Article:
Yeast infections in dogs are quite common and can occur anywhere on the skin, including the ears. A yeast infection happens when there’s an excessive amount of yeast in a certain area but they are usually are caused by an underlying issue; anything that diminishes the normal defences in the skin can make yeast infections more likely.
Dog breeds that are more prone to yeast dermatitis include Shih Tzus, West Highland White Terriers, American Cocker Spaniels, Basset Hounds, English Setters, Boxers, Poodles, Dachshunds, and Australian Silky Terriers.
Yeast infections in dogs: the causes
Yeast infections in dogs are usually secondary problems. This means that there is some other issue that is weakening the skin’s defence mechanisms to allow the yeast to grow in higher numbers than normal.
It is very common to see yeast infections in a dog’s ears or on their skin if they have food allergies or environmental allergies. Other underlying issues that may cause these infections include hormonal problems or other diseases that suppress the immune system.
There are no studies to confirm that any of the following cause yeast infections on a dog’s skin:
- Brewer’s yeast
- Oatmeal shampoos
- Carbohydrates or sugar in food
Symptoms to watch out for
Here are the most common areas for yeast infections in dogs and some signs that you can look out for:
Yeast infections can occur anywhere on a dog’s skin, including the belly. They are often seen in areas that are moist, such as in skin folds, especially in ‘wrinkly’ dog breeds. The affected skin may be red, irritated, itchy, greasy, or flakey, and there may be hair loss. If the infection is chronic, the skin may thicken and become darker in colour. Yeast infections on a dog’s mouth or face can cause extreme itching or face rubbing.
A dog with yeast infections on their paws can have red, irritated, and itchy paws. The underside of the paws, between the pads, is affected most often, but yeast can occur anywhere on the paws. Sometimes a brown discharge can be seen in the nail beds.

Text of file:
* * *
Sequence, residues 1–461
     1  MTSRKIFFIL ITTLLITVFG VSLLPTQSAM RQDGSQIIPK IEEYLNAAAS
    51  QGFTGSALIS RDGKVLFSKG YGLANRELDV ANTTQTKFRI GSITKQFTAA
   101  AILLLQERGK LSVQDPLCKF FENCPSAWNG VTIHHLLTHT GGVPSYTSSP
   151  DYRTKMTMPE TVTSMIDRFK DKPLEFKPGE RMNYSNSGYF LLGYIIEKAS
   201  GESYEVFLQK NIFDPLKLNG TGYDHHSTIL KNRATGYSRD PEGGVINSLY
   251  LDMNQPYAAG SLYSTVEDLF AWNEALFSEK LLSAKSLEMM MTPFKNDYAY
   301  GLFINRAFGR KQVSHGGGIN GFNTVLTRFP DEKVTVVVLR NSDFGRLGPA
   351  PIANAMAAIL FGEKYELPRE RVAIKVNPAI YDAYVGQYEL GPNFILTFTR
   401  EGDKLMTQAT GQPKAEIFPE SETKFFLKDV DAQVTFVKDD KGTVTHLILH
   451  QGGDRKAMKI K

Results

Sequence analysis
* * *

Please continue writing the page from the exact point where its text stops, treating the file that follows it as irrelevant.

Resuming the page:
Dogs with yeast infections on the paws usually lick their paws more than normal. There may also be hair loss.
Dog ear yeast infections are quite common, and the ears often smell sweet or musty.
Usually, you will see redness, which may extend onto the flap of the ear, and the discharge is generally brown. The ear may appear to be greasy, and the hair may be matted.
Yeast infections in a dog’s ears can be very itchy, causing dogs to scratch their ears or rub their head excessively.
Ears mites vs yeast infections
Yeast infections in a dog’s ears generally cause redness, a brown discharge, head shaking or rubbing, odour, and itching.
Ear mite infections are extremely itchy and can cause many of the same symptoms. The discharge from the ear is usually dark and waxy or crusty. Ear mites are barely visible to the naked eye and highly contagious to other animals.
Your veterinarian can easily determine whether a dog’s ear problem is caused by yeast or mites by taking a swab from their ear and looking at it under a microscope.
Treatment for yeast infections
The best treatment for a yeast infection on a dog depends on the location of the yeast infection.
Your veterinarian may perform cytology (taking a swab of the discharge and staining it to look at it under the microscope) to diagnose a yeast infection in a dog’s ears.
Prescription treatment may include anti-fungal drops or ointment, an ear cleaner, and in severe or difficult-to-treat cases, an oral anti-fungal medication.
• Skin and paws
Cytology is also used to diagnose yeast on the skin. Treatments for yeast infections on the skin can include topical anti-fungal creams, wipes, sprays, and shampoos.
In difficult-to-treat or severe cases, oral anti-fungal medications are used. These medications should be used only under the direction of a veterinarian.
Human medications should not be used unless under the direction of a veterinarian.
Are there home remedies I can use?
People often talk about home remedies for dog yeast infections, but most are not proven to be effective. The only one that has some effect is a vinegar rinse but because proper dilution is important to avoid irritation, this should only be used under the direction of your veterinarian.
Preventing yeast infections
Prevention must include addressing the underlying cause to reduce the likelihood that the infection will reoccur.
• Routine bathing with an anti-fungal shampoo may be beneficial. However, for shampoo treatment to be effective, the lather must sit on a dog’s skin for a minimum of 10 minutes before rinsing.
• Dogs with skin folds may need to have maintenance treatment to keep these areas from becoming too moist, as yeast thrive in moist, dark places such as skin folds and ears.
• Dogs that have had allergy testing and are determined to be allergic to yeast can be desensitised by including yeast as an ingredient in immunotherapy (allergy vaccine).
• If you suspect that your dog has a yeast infection, ask your vet for a diagnosis and treatment plan that is appropriate for your pet.
Article by Leigh Burkett, DVM